You can't miss them. The new Arbor Gate Towers are an imposing presence looming over the Todd Drive interchange with the Beltline. At the ground floor, like a cornerstone, sits Bonfyre American Grille. The interior of this boisterous restaurant is centered on the bar, which takes up close to half the place. There's an aisle of cloistered booths on one side of the bar, and an open-concept table section fills the other.
Interior decor is, predictably, fiery and replete with earth tones. But when the menu comes, you see that Bonfyre is much more than a pyrocentric theme park. There is significance to the menu, a confidence in the meat selections from land and sea, and a balance of quirky and humble offerings. The Old Fashioned's menu feels this way, too, which can only be a good sign for Bonfyre.
The starter menu ranges from straightforward, with items like the chicken wings and frito misto (resto-Italian for "fried calamari and shrimp"), to a little more haute - shoestring fries with truffle oil and a garlic aioli.
But the Maytag blue cheese potato chips are the guilty showstopper. The chips are hand-cut, and both as tall and as good as the mighty Nakoma nachos at the Great Dane. Carr Valley and Roth Käse are among the cheese board options - further proof that Bonfyre takes its cheeses seriously. And for those seeking smaller portions, many starters can be ordered as sides.
The centerpiece of the Bonfyre kitchen is, as you might expect, the wood-fired oven. From that crackling fire issues forth rotisserie chicken, Berkshire pork chops and steaks. The steaks - sirloin, filet mignon, ribeye and strip - can be topped with a variety of accompaniments. My sirloin could have been cut a little more tidily, but it was cooked expertly to a delicious medium. The ancho chile seasoning was almost undetectable, and the Maytag butter never arrived, but I usually order my steaks unadorned, so this wasn't much of a loss.
In contrast to the bold red meat dishes, the seafood dishes are appealing in their simplicity. There's ginger lime shrimp and fish tacos, and a jambalaya with chicken, sausage and shrimp is served hot and hearty with a tuft of white rice. Orecchiette pasta with capers, olives and Portuguese sausage in a creamy broth flavored lightly with anchovy is full of flavor, if not exactly safe for low-sodium diets. The ahi tuna salad could have been a nod to the same dish at the shuttered Cloud 9 Grille - Bonfyre is the brainchild of Alfredo Teuschler, who opened Cloud 9 with James Hovde - but it was missing some of its former character.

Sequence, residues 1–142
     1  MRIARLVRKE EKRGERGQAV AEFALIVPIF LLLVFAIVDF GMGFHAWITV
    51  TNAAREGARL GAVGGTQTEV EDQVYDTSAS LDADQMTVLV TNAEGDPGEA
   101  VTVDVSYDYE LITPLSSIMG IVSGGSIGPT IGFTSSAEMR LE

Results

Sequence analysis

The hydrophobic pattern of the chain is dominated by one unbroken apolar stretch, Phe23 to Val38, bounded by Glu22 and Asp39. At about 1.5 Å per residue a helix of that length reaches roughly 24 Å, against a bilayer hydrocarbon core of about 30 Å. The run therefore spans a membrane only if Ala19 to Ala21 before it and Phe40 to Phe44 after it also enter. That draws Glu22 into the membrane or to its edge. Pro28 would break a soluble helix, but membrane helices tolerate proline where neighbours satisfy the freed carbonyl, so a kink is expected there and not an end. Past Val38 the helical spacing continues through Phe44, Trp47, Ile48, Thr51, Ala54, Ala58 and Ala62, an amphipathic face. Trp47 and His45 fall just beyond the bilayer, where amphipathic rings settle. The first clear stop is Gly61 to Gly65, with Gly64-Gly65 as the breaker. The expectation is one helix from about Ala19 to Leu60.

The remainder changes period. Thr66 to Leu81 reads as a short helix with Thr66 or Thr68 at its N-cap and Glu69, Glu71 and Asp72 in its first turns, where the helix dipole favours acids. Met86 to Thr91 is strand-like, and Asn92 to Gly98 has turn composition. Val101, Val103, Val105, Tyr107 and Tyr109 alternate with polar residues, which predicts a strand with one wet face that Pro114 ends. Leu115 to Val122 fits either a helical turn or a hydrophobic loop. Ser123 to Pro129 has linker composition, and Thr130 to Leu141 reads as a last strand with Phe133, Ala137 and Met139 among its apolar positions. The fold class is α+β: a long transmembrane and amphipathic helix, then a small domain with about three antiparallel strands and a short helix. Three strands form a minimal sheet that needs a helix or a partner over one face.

Most of the amply portioned dinner items are available in smaller sizes on Bonfyre's lunch menu, paired with sides into combos with soup or salad ($9-$12). The Cuban sandwich was a knockout, pressed perfectly with thinly sliced ham and all the right condiments (no mayo!).
If you save room - and you should - the desserts are the perfect punctuation mark. They're modestly sized and even more modestly priced; all are $4. The just-sweet-enough white chocolate bread pudding stood out among the standard crème brûlée and tiramisu.
Bonfyre also offers a wine locker club, and paid membership includes access to exclusive wines and special prices.
The service is charming and friendly. Despite being placed almost underneath the Beltline, Bonfyre pulls off a very composed, urban atmosphere. One could almost imagine, while sitting near one of the expansive windows, being under an El line in the heart of Chicago. This is indeed the anti-Applebee's, and a great presence in this part of town. From starter to dessert, Bonfyre grabs you by the lapels and gives you a great experience - whether you're expecting it or not.